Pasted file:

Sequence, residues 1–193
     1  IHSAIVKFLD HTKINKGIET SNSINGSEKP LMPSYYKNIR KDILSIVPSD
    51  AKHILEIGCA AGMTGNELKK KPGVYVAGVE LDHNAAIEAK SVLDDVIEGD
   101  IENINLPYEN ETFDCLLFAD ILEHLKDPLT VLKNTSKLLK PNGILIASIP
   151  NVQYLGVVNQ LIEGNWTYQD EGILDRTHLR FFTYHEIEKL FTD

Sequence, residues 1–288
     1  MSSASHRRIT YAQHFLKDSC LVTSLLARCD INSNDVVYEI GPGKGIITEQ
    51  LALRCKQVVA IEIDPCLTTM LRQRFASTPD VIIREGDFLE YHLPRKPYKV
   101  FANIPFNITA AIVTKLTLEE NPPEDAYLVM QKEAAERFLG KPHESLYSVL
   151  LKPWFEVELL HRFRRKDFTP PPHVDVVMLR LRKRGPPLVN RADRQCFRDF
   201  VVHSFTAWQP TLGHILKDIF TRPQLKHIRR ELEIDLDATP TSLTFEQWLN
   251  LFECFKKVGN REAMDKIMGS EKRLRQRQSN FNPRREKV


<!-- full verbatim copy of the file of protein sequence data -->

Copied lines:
Sequence, residues 1–193
     1  IHSAIVKFLD HTKINKGIET SNSINGSEKP LMPSYYKNIR KDILSIVPSD
    51  AKHILEIGCA AGMTGNELKK KPGVYVAGVE LDHNAAIEAK SVLDDVIEGD
   101  IENINLPYEN ETFDCLLFAD ILEHLKDPLT VLKNTSKLLK PNGILIASIP
   151  NVQYLGVVNQ LIEGNWTYQD EGILDRTHLR FFTYHEIEKL FTD

Sequence, residues 1–288
     1  MSSASHRRIT YAQHFLKDSC LVTSLLARCD INSNDVVYEI GPGKGIITEQ
    51  LALRCKQVVA IEIDPCLTTM LRQRFASTPD VIIREGDFLE YHLPRKPYKV
   101  FANIPFNITA AIVTKLTLEE NPPEDAYLVM QKEAAERFLG KPHESLYSVL
   151  LKPWFEVELL HRFRRKDFTP PPHVDVVMLR LRKRGPPLVN RADRQCFRDF
   201  VVHSFTAWQP TLGHILKDIF TRPQLKHIRR ELEIDLDATP TSLTFEQWLN
   251  LFECFKKVGN REAMDKIMGS EKRLRQRQSN FNPRREKV